Lasagna gardening or sheet composting is a way that one can garden without commitment. This type of gardening is easy to set up and just as easy to tear down. And if the garden is removed it leaves the gardening environment better than it was before.
To start a lasagna garden one must map out where the garden will be located. Stake out the boundaries and outline with twine. Now it is time to build the lasagna garden. Lay three layers of black and white print newspaper or one layer of brown corrugated cardboard directly onto the sod and water in. This layer will kill the grass in a couple of weeks and will jump start the decomposition process. This layer will also create a dark, damp haven for earthworms that will aid in loosing up the soil.
The first snowfall of the year can be a magical experience — the white snowflakes can be so hypnotizing, and your yard becomes a winter wonderland. It’s even better when you get to share that moment with a loved one. This season wouldn’t be so bad if you could live in your robe and drink hot cocoa every day. Unfortunately, the reality of it is that you have to drive on the icy roads to get to work and try to heat your home in an efficient and cost-effective way.
Winterizing your home is an effective process that you can carry out on an annual basis. Before the snowfall hits don’t you want to know whether your heat works and how much wood you have left from last year? Preparing for this season involves activities such as stocking the pantry and ensuring that your car and other outdoor belongings are protected from the weather. When it comes to your yard, there are a few essential accessories that can help you survive until spring’s revival.
Gardening tools take a licking and keep on digging for at least one season but with a little care can last for years. Enemies of gardening tools can be moisture, hard surfaces, and the occasional hidden brick in the landscape. While we cannot predict what will be found in the soil we can control and protect our tools from moisture and the deliberate hit of the sidewalk.
The first step to garden tool maintenance is thoroughly cleaning after every use. Simply spraying off to remove all soil and letting completely dry will reduce rust and help keep the storage container or shed clean. Making a habit of running the business end of the tool through a bucket of sand will help keep an edge on the tool for the season. Also storing tools when not in use is another preventive measure one can take. Placing tools in a floor rack or in wall-mounted brackets will reduce clutter and save the edges from being damaged from hitting hard surfaces. Hand tools can be safely stored in gardening hoister, bucket, or toolbox.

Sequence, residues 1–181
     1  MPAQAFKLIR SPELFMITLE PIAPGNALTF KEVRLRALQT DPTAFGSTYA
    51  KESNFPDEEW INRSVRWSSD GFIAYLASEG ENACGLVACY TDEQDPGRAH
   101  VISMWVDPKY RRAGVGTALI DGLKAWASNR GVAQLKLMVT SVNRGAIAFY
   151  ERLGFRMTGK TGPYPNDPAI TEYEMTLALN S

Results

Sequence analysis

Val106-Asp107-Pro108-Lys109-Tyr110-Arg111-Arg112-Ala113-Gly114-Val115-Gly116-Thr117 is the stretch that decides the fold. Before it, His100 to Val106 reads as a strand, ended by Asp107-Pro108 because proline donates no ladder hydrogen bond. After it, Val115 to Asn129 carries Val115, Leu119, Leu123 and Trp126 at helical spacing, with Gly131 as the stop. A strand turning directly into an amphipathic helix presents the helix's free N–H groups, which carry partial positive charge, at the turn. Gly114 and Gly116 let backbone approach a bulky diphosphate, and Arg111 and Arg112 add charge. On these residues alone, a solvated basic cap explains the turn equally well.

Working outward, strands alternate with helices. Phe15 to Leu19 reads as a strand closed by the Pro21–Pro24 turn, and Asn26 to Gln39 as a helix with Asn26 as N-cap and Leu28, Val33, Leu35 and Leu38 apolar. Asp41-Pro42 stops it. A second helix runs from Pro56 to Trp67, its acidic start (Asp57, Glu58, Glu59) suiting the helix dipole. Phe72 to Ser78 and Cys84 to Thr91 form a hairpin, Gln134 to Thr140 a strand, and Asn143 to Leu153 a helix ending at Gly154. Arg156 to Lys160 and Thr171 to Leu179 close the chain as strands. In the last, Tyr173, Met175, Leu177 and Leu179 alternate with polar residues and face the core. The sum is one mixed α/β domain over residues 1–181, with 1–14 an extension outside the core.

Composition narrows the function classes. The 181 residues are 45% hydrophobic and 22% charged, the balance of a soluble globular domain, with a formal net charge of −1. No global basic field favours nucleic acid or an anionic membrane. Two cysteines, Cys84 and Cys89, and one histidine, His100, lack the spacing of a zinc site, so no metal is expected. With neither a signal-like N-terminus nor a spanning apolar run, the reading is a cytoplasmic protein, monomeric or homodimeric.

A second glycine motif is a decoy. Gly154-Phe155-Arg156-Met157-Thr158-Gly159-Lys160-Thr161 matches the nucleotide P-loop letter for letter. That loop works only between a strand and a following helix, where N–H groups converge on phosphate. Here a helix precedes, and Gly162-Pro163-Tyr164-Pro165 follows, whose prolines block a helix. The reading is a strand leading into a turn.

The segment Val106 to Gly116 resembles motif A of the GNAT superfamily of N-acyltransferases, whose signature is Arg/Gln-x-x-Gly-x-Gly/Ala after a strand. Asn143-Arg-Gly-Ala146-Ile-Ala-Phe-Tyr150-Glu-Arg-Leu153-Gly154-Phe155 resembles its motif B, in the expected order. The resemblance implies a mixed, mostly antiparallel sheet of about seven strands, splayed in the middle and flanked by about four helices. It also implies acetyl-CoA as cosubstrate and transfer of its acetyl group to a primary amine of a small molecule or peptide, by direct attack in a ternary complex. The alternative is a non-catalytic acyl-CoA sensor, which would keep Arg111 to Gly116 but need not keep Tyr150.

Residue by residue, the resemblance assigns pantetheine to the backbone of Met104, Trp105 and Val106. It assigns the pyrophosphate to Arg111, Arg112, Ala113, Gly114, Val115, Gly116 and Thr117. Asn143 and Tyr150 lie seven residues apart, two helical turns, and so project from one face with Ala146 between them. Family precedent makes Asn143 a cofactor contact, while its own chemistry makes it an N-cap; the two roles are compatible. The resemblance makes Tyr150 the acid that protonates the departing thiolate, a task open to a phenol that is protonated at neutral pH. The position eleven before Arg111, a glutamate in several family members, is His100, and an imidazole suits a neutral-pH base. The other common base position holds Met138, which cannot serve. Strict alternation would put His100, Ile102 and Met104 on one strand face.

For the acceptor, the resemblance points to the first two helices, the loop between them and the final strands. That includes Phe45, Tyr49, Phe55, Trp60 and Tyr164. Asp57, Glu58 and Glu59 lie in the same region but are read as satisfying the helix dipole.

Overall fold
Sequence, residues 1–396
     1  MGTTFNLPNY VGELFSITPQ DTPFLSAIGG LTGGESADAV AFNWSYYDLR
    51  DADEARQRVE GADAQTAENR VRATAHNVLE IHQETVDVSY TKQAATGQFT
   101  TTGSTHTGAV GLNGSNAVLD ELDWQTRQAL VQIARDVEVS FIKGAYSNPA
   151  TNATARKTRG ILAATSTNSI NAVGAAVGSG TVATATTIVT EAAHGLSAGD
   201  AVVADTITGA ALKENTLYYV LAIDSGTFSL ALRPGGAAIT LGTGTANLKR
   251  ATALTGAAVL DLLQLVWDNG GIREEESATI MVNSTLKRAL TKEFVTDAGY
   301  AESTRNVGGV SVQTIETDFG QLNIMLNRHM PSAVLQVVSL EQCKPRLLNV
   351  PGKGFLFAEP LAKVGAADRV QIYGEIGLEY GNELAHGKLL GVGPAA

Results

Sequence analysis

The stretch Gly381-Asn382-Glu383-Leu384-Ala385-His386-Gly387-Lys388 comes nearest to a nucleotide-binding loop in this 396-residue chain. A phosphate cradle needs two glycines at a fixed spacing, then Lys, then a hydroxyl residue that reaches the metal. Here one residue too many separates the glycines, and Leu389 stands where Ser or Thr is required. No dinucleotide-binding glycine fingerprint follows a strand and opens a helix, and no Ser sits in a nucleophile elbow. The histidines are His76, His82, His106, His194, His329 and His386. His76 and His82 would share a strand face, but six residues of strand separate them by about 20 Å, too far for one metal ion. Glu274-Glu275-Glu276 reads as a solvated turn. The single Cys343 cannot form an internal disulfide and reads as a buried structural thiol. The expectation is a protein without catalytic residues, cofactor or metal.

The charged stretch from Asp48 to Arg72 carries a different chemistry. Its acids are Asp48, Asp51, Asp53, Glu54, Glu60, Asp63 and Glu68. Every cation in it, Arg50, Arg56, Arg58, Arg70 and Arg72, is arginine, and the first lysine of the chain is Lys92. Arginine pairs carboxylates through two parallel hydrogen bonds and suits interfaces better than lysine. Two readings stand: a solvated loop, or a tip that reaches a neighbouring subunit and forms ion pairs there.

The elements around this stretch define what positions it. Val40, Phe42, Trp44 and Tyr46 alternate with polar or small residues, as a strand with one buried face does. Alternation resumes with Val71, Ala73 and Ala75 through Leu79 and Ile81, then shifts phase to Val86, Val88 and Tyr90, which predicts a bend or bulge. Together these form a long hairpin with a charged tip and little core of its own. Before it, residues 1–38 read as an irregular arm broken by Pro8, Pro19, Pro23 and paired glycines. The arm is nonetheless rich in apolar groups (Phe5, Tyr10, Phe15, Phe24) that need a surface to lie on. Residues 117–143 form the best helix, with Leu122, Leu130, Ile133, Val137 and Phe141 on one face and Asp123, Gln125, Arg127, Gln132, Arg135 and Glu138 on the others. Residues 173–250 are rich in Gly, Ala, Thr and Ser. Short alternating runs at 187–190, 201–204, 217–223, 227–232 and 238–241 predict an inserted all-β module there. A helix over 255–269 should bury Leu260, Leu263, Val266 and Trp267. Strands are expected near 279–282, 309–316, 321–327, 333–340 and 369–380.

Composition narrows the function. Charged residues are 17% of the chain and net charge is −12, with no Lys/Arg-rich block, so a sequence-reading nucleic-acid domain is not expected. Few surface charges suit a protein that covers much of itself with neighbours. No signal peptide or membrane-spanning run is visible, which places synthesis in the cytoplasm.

To put garden tools away for the season takes some additional effort but it will save time when gardening season starts again next year. First inspect handles for damage. This can be splinters, cracks, and nicks. If the handle is damaged enough completely replace it for safety. Gardening tool replacement handles are easy to find at any home improvement or local hardware store but inspect before purchasing. Check and make sure the grain of the handle is going in the direction of use. For example, the handle for a shovel ‘s grain, viewing form the top should be toward one because as the shovel is used it is pulled toward oneself. If the handle is acceptable and/or replaced rub down with olive or linseed oil. This will moisturize the wood and protect the wooden part of the tool for the winter.
Tomatoes are such a popular garden vegetable that people have come up with a variety of ways to grow the ultimate tomato. We’ve all seen the myriad of ways to grow tomatoes that include special soils, fertilizers and containers. They are all designed to grow tomatoes that will be the envy of your neighbors. Although some of these ideas are designed to grow someone’s bank account rather than a really good tomato, a few really work. One of those is the idea of growing tomato plants upside-down. The philosophy behind growing upside-down tomatoes is simple: Grow the tomatoes from a hanging container so they take up less room and are off the ground away from insects and disease pathogens.
While a typical hanging basket might suffice for growing some small tomato varieties, hanging baskets usually do not hold enough soil for large tomato root systems and plants spilling over the edges of a basket will break once they are loaded with fruit. Also, tomatoes grown upside-down have less chance of getting damaged by high winds and they are a breeze to water.
Any container that holds at least 3 gallons of soil can be converted to grow upside-down tomatoes. You can probably find a suitable container around the house or hardware store. The lightweight small bags often sold to grow upside-town tomatoes are too small for healthy root production. The container must have an open top and capable of having large holes drilled into the bottom from which the tomato plants can grow. A plastic five-gallon bucket is ideal. Choose a bucket with sturdy sides because it will be holding a lot of weight.